Continuing with the recent series of posts showing photos from India—with apologies in advance for anyone who doesn’t want to see these, as I will doubtless keep going for at least several more posts—here are some photos from the utterly fantastic 15th-century Mehrangarh Fort in Jodhpur, Rajasthan.
Mehrangarh is a massive hillside castle on a rocky site filled with moats, walls, battlements, gardens (holding what was described to us, rightly or wrongly, as one of India’s first pomegranate trees), an elaborate palace of balconies, arched galleries, and heavily ornamented private residences, and seemingly miles of strategically twisty, misleading passageways and stairs.
All of it overlooks a sprawling desert city lined with the beautiful blue-washed houses of local brahmins.
Nicola Twilley and I spent the entire day wandering out from our hotel through often absurdly narrow streets, down to the city’s broad central marketplace and back—
—heading up and around again to the fort itself, that hangs over everything like a ship.
As I believe the next post—or, at least, a future post at some point—will show, we even did some zip-line tourism over the moats and castle walls…
For now, though, here are many, many, many, many photographs, mixing both DSLR and Instagram (where I am bldgblog, if you want to follow my feed).
However, for the sake of not spending the entire day captioning these images, I will simply let the photos themselves tell the story of our visit. Note, though, because I particularly like this detail, that the spike-studded door you’ll see pictured down below is found at the end of a very long, slowly rising ramp, but that that the door itself is installed 90-degrees off from the angle of direct approach. This right angle dramatically reduced the threat (and velocity) of direct charges from battle-elephants, who would thus have been forced to turn extremely quickly in order to collide with the door at all (and, even if the elephant could pivot successfully, it would then ram its head onto the spikes).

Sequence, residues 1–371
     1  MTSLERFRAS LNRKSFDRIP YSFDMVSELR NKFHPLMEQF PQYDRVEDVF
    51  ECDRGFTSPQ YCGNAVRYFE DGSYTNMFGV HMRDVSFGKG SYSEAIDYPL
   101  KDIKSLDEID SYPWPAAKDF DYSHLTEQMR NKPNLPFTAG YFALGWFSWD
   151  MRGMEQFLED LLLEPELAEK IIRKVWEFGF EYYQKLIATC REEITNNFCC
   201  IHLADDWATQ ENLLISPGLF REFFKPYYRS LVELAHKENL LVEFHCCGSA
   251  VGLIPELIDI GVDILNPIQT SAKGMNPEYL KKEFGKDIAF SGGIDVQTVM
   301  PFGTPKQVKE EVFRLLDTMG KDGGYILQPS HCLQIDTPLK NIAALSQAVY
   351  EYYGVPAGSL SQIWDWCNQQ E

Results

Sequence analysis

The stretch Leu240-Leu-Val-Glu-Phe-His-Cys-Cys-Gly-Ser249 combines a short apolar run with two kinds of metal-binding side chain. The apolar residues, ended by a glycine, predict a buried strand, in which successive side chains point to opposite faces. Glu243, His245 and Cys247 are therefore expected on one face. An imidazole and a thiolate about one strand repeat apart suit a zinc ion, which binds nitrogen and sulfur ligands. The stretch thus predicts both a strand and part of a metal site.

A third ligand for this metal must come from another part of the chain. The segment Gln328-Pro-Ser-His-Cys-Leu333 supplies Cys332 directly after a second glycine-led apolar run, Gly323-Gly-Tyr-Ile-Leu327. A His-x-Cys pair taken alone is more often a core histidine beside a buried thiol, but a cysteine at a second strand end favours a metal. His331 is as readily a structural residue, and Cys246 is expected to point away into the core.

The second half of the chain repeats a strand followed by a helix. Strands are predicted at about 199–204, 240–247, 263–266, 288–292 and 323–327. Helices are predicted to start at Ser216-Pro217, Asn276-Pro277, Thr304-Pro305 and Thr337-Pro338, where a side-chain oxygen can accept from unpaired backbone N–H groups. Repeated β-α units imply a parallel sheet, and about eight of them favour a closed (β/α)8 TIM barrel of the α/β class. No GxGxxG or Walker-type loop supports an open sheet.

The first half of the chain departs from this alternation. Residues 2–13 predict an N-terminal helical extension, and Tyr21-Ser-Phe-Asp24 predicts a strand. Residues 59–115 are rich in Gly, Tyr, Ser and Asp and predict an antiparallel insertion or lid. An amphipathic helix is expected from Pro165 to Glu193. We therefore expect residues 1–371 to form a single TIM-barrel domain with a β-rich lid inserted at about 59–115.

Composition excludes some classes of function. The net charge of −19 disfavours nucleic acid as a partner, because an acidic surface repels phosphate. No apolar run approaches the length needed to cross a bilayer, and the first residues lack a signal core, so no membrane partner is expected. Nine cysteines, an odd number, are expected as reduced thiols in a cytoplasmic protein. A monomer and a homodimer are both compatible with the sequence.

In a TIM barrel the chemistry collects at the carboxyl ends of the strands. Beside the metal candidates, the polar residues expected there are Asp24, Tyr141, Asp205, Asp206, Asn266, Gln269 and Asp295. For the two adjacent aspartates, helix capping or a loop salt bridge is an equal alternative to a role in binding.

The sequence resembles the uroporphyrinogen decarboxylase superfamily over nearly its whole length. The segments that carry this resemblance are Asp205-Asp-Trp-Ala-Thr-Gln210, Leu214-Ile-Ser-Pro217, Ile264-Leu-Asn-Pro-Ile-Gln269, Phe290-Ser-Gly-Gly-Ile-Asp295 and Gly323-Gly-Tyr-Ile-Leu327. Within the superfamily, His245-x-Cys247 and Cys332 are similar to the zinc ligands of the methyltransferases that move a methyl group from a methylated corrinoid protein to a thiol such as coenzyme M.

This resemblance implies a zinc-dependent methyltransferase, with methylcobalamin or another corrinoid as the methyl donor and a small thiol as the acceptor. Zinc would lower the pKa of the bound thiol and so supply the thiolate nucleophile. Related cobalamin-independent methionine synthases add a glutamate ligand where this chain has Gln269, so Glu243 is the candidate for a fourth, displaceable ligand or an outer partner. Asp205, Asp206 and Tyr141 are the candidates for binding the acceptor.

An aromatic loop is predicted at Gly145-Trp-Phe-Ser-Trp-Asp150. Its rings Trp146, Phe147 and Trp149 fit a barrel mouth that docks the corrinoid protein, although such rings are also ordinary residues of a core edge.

Details like this—let alone the dust-covered otherworldly feel of the entire place—give any castle in Europe a run for its money. At times, Mehrangarh felt like a Norman castle—or remote Welsh keep—on steroids (but wait till you see the even more massive and remote fortress of Kumbhalgarh, photos of which I’ll also post soon).
Anyway, here are some images.